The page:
“That was a time, where under the Obama administration, we were not giving Ukraine either the defensive or offensive capacity they needed. President Trump has made a different decision, which I support, in helping the Ukrainians defend themselves, but I also support whatever we can do at this moment to let it be known to Putin that we are supportive of Ukraine's efforts to have an independent, democratic government, that we will continue to be supportive of that, we will continue to be helpful in that effort, and President Putin had better be careful that he doesn't take one step too far. In fact, he's already taken steps further than should have been allowed but those steps, the seizure of Crimea, the invasion of Eastern Ukraine by people that were clearly Russian soldiers in plain green uniforms should not have been allowed. [The] President has to deal with that, but we need to deal with that in a way that gives Ukraine every help they need in dealing with that themselves. Whether the president should make that point by not meeting with Putin or whether he should make that point by meeting with Putin and clearly express not only our concern, but our absolute rejection of the efforts that the Russian government has made toward Ukraine in that aggressive way, I don't know, but I do know it's time for us to be very clear of how we feel about that and our commitment to the NATO countries involved along the Russian border that we absolutely would respond if there is any aggression toward those NATO countries and, frankly, should be aggressive in our efforts to help Ukraine defend itself.”

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Nov 28 2018

WASHINGTON – Today, U.S. Senator Roy Blunt (Mo.), co-chair of the Congressional Coalition on Adoption (CCA), spoke on the Senate floor to highlight National Adoption Month. Earlier this week, the Senate unanimously passed a resolution introduced by Blunt and CCA co-chair Sen. Amy Klobuchar (Minn.) recognizing November as National Adoption Month and November 17th as National Adoption Day. Blunt shared stories of Missouri foster children in need of forever homes and discussed legislation he and Klobuchar introduced today to assist families with adoption.

Following are Blunt’s Full Remarks:

“Mr. President, I want to move now to the reason I'd scheduled this time today, which was to simply take a few moments to talk about November as National Adoption Month, as November draws to a close, but to also point out that every month should be Adoption Month. I'm pleased to work with my colleague and the co-chair of the Congressional Coalition on Adoption, Senator Klobuchar. We look forward to passing this resolution supporting National Adoption Month. This is the fourth year we've worked together on this resolution, and I thank all of my colleagues for the unanimous support of this resolution as it passed earlier this week.

“The Congressional Coalition on Adoption is the largest bipartisan, bicameral coalition in the Congress. We have our friends leading on the House side, as well as the opportunity for many of us to join together on the Senate side. The idea that every child deserves to grow up in a safe, stable home with a loving family is something that I think everyone can agree on and in fact, we year after year have that agreement here in the Senate and in the House. Unfortunately right now, more than 400,000 children in the U. S. foster care system and more than 100,000 children waiting in that system to be adopted don't have the benefit of a permanent family they can call their own. There are many more children all over the world who need families in settings that no one believes are ideal settings for those children to be on. But for those who reach out, for those who reach out in charitable institutions to have a place for children to go where their mother or family can no longer keep them, we are grateful for that. But for those families that create a home in the foster system in my state and around the country, we're grateful as well.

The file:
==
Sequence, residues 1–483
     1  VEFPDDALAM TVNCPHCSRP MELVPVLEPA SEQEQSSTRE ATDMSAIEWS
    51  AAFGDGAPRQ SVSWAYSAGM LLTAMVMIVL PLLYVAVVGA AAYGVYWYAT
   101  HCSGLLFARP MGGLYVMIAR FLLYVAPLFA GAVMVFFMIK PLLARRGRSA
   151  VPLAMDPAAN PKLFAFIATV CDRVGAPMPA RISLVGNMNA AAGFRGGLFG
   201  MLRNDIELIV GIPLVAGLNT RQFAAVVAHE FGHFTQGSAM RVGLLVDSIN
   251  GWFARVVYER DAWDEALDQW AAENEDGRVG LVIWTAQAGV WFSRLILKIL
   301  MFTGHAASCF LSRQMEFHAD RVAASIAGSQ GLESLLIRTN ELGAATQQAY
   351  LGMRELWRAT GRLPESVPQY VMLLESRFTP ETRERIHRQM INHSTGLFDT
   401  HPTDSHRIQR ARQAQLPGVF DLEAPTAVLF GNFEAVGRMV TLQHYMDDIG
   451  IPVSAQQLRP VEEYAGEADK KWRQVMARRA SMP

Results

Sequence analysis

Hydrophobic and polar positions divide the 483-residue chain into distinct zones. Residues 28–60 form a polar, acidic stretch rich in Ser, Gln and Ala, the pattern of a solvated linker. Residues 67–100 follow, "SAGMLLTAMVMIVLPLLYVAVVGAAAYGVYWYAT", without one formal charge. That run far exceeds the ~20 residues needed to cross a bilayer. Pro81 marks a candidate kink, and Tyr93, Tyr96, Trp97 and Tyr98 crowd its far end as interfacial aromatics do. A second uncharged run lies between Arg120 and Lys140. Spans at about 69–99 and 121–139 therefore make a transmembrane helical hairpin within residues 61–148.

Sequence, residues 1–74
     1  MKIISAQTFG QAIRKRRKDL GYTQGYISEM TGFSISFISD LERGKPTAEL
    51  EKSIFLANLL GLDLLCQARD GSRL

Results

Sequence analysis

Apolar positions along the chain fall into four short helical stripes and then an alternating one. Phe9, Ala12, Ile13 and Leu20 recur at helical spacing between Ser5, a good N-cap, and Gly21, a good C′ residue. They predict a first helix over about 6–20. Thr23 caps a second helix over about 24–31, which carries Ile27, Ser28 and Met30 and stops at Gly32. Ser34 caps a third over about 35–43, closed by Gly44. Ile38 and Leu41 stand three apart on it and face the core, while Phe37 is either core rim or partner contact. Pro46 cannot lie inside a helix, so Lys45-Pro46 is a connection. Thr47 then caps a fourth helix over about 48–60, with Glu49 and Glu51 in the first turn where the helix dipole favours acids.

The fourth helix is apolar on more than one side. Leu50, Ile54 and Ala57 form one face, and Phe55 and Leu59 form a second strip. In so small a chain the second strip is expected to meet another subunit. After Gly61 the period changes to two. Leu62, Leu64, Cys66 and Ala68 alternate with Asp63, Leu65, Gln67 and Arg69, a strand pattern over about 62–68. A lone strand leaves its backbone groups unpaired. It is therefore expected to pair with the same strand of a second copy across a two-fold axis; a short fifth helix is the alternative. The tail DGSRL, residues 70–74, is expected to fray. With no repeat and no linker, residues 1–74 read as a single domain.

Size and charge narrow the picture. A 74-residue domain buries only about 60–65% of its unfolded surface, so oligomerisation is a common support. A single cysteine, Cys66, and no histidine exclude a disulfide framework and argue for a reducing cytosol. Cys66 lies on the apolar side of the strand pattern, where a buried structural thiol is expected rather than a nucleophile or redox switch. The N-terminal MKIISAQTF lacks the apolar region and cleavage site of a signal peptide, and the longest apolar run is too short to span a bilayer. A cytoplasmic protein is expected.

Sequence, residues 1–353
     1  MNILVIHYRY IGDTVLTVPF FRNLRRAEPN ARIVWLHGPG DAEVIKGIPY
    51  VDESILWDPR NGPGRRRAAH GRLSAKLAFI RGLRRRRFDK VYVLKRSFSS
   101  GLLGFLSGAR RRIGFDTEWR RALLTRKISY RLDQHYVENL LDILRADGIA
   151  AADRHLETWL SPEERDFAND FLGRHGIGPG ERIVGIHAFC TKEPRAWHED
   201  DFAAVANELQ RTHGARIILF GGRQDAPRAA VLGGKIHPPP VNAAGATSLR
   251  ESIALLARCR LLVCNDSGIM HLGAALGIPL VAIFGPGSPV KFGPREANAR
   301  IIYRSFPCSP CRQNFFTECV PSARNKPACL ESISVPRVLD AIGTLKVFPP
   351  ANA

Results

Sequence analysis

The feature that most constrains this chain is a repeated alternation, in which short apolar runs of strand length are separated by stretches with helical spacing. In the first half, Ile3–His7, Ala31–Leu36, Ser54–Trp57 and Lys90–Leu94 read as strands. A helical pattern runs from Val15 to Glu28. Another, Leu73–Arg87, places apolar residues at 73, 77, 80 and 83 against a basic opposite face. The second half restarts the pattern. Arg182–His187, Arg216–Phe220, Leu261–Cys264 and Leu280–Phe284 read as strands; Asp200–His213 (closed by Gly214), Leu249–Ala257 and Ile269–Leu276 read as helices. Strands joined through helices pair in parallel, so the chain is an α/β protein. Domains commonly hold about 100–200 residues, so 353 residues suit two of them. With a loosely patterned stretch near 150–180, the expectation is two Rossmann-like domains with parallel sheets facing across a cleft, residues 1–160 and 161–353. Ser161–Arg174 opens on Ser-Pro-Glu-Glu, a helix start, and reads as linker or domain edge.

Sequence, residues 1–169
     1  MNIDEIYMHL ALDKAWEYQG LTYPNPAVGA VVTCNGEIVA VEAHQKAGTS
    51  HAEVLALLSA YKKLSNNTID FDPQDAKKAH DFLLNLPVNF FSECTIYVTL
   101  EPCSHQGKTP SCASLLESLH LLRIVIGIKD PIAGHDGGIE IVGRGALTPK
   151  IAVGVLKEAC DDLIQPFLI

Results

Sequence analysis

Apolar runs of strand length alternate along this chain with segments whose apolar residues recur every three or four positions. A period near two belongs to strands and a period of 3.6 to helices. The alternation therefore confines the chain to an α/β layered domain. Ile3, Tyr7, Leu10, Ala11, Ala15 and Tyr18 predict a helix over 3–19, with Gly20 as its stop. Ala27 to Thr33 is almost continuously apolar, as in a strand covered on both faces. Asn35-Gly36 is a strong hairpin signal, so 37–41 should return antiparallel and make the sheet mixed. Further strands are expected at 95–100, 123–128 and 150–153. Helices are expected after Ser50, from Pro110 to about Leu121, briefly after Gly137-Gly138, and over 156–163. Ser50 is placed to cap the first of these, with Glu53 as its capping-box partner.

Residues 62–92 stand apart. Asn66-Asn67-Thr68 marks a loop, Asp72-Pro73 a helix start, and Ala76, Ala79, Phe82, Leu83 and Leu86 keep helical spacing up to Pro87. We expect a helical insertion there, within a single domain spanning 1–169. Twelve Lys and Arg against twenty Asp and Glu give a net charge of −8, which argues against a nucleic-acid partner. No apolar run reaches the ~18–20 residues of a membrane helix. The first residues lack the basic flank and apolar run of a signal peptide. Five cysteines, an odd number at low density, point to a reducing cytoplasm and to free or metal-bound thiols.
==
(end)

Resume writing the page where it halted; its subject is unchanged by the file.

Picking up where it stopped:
“There are over 13,000 children in foster care in Missouri and I'd like to share just a couple of those stories of people in foster care, who'd like to have a family that became their permanent family, their family that they would always be able to know that they were going to be secure in and be part of. Brooklyn is a creative girl in the fourth grade who loves arts and crafts. She is an active girl. She likes to play outdoors. She makes friends easily. She's inquisitive by nature. She loves to ask questions and discover how things work. Brooklyn needs a home. Levelle is a sixth grader who is an adventure seeker and animal lover, a Lego enthusiast. He has a knack for math and science and wants to work in a children's hospital when he grows up. Levelle also would like a home that's his permanent home. Kiara and Devin are siblings who hope they can be placed together. Kiara loves music and singing her favorite songs. When she isn't singing, Kiara loves reading a good book or playing outdoors. She wants to be a surgeon or a lawyer and a fulltime foster parent when she grows up. She knows how important that foster family has been for her. She'd like to have a family that she knows she would always be able to relate to in a more permanent way. Her brother Devin is also a sixth grader and enjoys learning and playing sports. He especially loves puzzles and figuring out how to put things together. He'd like to figure out how to put a family together and be part of that along with his sister. He likes singing and playing and reading. The two siblings have a lot of fun together. They'd like to have a forever family. There are a lot more stories that could be shared, and that's why it's so important on National Adoption Month to think about how important it is, year in and year out, that we're looking for ways to make it easier for families to come together in a permanent way.